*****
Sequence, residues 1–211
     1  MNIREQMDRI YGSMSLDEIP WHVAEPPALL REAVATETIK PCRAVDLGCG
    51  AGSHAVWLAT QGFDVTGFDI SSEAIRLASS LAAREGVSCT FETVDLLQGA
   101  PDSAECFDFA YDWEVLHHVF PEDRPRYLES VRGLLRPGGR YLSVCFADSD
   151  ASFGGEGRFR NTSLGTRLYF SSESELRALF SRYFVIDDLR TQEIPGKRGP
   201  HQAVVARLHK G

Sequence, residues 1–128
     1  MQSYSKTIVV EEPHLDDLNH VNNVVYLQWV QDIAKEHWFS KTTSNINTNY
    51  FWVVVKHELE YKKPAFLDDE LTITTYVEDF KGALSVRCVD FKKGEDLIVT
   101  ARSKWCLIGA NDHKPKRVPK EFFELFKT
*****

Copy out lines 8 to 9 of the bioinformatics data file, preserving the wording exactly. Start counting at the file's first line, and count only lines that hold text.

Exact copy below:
     1  MQSYSKTIVV EEPHLDDLNH VNNVVYLQWV QDIAKEHWFS KTTSNINTNY
    51  FWVVVKHELE YKKPAFLDDE LTITTYVEDF KGALSVRCVD FKKGEDLIVT